The European Commission’s proposal for a Euro 7 regulation is not “realistic” and risks negative impacts on investments in zero emissions technologies and thus “slowing the transition towards climate neutrality”. This was confirmed by Italy and seven other countries in the bloc (Bulgaria, Czechia, France, Poland, Romania, Slovakia and Hungary), who sent an “informal paper” to the current EU presidency explaining their main common interests. The eight governments oppose “any new tailpipe emissions rules (including new testing requirements or new emissions limits) for cars and trucks because these new rules would divert industrial investment away from achieving the net-zero transition path” set out in the recently approved CO2. emissions regulation.
Countries opposed to the new rules argue they should focus on “improving emissions performance that will remain relevant after 2035,” when bans on the sale of non-electric cars kick in. In their view, in short, forcing too drastic changes, despite the fact that combustion cars will still be outright banned in 12 years’ time, is a waste of time and resources. For this reason, they argue, more attention should be focused on emissions such as “wear-related particulate matter” emissions from brakes and tyres, stressing that “it should nevertheless reflect the current development of measurement methods at the UN level, including the application of the relevant monitoring phase to United Nations level and taking into account the characteristics of electric vehicles.
In addition to introducing new limits on exhaust emissions, the eight governments are vying for Euro 7 application dates which “should be extended” from those indicated in the current proposal, which envisages entry into force from 1 July 2025 for cars and trucks and 1 July 2027 for heavy vehicles. At least three years after the adoption of the entire package, including implementation measures. The eight governments also oppose new requirements for heavy vehicles, which they consider “too ambitious”. Responding to public criticism of the entire Euro 7 proposal, the signatories to the document argue that “a drastic reduction in ‘truck emissions’ limits would cause a significant diversion of resources from investments towards zero-emission technologies and, as a result, would slow the transition.” to climate neutrality.”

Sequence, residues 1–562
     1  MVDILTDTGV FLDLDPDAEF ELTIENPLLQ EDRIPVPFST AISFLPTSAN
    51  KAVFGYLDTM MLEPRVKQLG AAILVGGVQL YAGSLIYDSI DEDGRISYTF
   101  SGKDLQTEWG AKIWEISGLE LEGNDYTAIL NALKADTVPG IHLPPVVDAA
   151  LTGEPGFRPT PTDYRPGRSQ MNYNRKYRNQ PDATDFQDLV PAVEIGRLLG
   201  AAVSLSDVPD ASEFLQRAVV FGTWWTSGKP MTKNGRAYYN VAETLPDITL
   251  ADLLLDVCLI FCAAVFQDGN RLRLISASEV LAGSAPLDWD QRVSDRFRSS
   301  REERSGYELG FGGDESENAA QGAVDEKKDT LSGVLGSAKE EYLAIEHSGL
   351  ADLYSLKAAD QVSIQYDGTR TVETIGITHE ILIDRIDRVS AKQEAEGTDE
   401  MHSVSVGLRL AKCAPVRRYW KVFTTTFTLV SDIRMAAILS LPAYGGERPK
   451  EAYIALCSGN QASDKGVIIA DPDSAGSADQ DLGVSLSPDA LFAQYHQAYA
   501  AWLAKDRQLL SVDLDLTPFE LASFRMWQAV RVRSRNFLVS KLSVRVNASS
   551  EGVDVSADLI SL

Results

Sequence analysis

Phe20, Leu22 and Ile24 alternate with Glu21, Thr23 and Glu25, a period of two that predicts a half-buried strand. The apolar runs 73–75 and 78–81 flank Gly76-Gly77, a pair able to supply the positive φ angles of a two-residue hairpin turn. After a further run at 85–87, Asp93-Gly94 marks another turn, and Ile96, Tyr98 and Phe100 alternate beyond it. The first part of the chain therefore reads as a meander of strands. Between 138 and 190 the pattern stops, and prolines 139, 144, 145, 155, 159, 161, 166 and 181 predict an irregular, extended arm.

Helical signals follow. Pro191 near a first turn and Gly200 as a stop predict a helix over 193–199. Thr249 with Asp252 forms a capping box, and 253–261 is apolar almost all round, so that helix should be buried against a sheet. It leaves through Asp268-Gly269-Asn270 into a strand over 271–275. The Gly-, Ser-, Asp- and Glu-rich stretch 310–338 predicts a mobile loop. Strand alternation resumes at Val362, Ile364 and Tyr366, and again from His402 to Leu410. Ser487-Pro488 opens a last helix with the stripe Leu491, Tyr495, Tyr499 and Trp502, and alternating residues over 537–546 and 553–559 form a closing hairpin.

“This will also lead to a significant increase in the prices of new vehicles,” continues the document, which estimates the expected air quality benefits of €7 as “significantly less than estimated in the Commission’s impact assessment.” On the subject of heavy vehicles, “consistency” is required between Euro 7 and other provisions on carbon dioxide reduction, in particular, “consideration of exempting city buses from provisions on compliance with emissions limits” exhaust gases. Finally, the eight countries criticize the fact that “The powers granted to the commission to adopt implementation measures are very broad and not clearly defined,” which has led to an “unpredictable” legal framework. Therefore, “these powers must be clearly defined,” the newspaper requests.
In addition to the main criticisms highlighted in the non-paper, the signatory governments listed eight other issues in the proposal that needed further clarification and discussion in the negotiations. Of these, countries cite requirements for tests in driving conditions that must be “statistically relevant” (“The proposed extended driving conditions relate to infrequent driving conditions, compliance with which would, however, require the introduction of additional technology,” the text states), argues that “distorted” driving during testing should be prohibited, that provisions for real-time on-vehicle emissions monitoring need to be further elaborated and clarified, and that exceeding thresholds should be clearly defined for monitored emissions and adequately reflect sensor tolerances in the evaluation methodology.
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